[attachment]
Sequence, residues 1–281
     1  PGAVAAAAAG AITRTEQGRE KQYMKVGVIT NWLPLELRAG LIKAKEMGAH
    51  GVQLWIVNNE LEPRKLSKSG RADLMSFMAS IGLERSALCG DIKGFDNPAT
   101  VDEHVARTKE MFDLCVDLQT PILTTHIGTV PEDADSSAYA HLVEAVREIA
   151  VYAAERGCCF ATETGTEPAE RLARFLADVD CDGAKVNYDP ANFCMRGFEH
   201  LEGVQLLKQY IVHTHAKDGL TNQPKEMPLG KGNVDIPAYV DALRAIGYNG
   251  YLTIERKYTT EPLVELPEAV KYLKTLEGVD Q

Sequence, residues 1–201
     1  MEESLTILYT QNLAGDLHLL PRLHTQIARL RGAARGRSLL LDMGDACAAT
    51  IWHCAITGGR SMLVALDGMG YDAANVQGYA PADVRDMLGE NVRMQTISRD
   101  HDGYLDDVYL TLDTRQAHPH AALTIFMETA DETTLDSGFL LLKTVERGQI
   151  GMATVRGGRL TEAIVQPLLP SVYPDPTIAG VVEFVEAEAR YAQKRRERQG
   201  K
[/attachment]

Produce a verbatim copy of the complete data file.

Sequence, residues 1–281
     1  PGAVAAAAAG AITRTEQGRE KQYMKVGVIT NWLPLELRAG LIKAKEMGAH
    51  GVQLWIVNNE LEPRKLSKSG RADLMSFMAS IGLERSALCG DIKGFDNPAT
   101  VDEHVARTKE MFDLCVDLQT PILTTHIGTV PEDADSSAYA HLVEAVREIA
   151  VYAAERGCCF ATETGTEPAE RLARFLADVD CDGAKVNYDP ANFCMRGFEH
   201  LEGVQLLKQY IVHTHAKDGL TNQPKEMPLG KGNVDIPAYV DALRAIGYNG
   251  YLTIERKYTT EPLVELPEAV KYLKTLEGVD Q

Sequence, residues 1–201
     1  MEESLTILYT QNLAGDLHLL PRLHTQIARL RGAARGRSLL LDMGDACAAT
    51  IWHCAITGGR SMLVALDGMG YDAANVQGYA PADVRDMLGE NVRMQTISRD
   101  HDGYLDDVYL TLDTRQAHPH AALTIFMETA DETTLDSGFL LLKTVERGQI
   151  GMATVRGGRL TEAIVQPLLP SVYPDPTIAG VVEFVEAEAR YAQKRRERQG
   201  K